Louise Lecavalier does not so much dance as combust. It can be a slow
burn of small, scampering steps complemented by fluttering arms or
complex hand gestures. Then it suddenly blazes into fast, furious, fre-
netic explosions of energy. The intensity can be almost unbearable.
At age 57, Lecavalier is once again soaring across the dance world
like a comet, almost two decades after quitting the company that made
her famous. Mother to 14-year-old twin girls, loaded with awards and
honors, she is now an independent dancer/choreographer and director
of her own production company, called Fou Glorieux. So Blue, her first
major choreographic endeavour, is now in its fourth year of international touring. Meanwhile, her latest creation, Battleground, is already
booked well into next year.
Lecavalier began her dance training in high school, then apprenticed
with Le Groupe Nouvelle Aire, an experimental Montreal troupe. There
she met Édouard Lock. In 1981, he invited her to join the company he’d
recently founded, what would become La La La Human Steps. So began
a fruitful relationship between Lock as choreographer and Lecavalier as
his muse. Her spectacular double horizontal barrel turns became emblematic of a new wave of contemporary dance, testing the extremes of
speed, precision and hyper-physicality. With her pyrotechnic virtuosity,
she was a proud emblem of female strength and physical daring.
She also became contemporary dance’s closest equivalent to a pop
1998, with Exaucé (billed in English as Salt), Lock put the cast’s women
star. Lecavalier danced with David Bowie, collaborated with Frank
Zappa and appeared in films, such as Kathryn Bigelow’s 1995 sci-fi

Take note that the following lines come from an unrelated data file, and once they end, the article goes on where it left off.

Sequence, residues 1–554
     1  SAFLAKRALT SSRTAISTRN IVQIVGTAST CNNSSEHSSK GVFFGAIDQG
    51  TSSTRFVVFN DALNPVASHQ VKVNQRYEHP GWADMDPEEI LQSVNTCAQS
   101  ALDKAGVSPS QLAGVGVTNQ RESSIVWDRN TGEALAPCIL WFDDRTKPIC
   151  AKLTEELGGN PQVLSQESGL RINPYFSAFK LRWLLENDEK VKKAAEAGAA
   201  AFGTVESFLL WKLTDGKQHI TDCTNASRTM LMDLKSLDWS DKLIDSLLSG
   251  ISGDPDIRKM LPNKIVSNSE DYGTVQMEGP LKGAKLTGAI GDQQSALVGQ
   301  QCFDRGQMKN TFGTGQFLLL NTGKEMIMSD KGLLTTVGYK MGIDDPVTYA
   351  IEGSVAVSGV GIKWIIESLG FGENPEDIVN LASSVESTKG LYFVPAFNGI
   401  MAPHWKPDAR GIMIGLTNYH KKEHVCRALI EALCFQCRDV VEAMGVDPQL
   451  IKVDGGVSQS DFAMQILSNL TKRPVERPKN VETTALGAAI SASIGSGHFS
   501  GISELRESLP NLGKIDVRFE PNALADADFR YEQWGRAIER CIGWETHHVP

thriller, Strange Days. Adoring fans trailed Lecavalier as she walked the
streets on foreign tours. But she didn’t let fame faze her. “I was not so
aware of being the star,” she says. “I didn’t think about that because it
might freak me out. I like to have fun dancing.”
Yet in the early 1990s, Lock began shifting his troupe’s artistic
identity to a more controlled, structured, even balletic, aesthetic. In
on pointe—all except Lecavalier. Her brief thunderbolt appearances
looked more like obligatory star turns than integral parts of Lock’s
overall choreographic design.
The next year, Lecavalier, then 40, decided to leave. As she explains,
it wasn’t just because of a chronic hip injury. (She had been managing
that for several years.) She no longer felt there was a place for her there.
“Édouard’s style was changing,” says Lecavalier. “La La La was becom-
ing more of a ballet company.”
She had no specific plans other than to take a much-needed break.
But Canadian choreographer Tedd Robinson, a longtime fan, lured her
back to the stage. “When I think of Louise’s days with Lock, it’s her
eyes I most remember,” says Robinson. “The way she would look out
at the audience. There was a ferocity and mischievousness, a spark of
defiance, independence and excited energy. She always projected this
strong feminine persona.”
At 57, Louise Lecavalier has reinvented herself—
without losing the daredevil energy audiences love her for.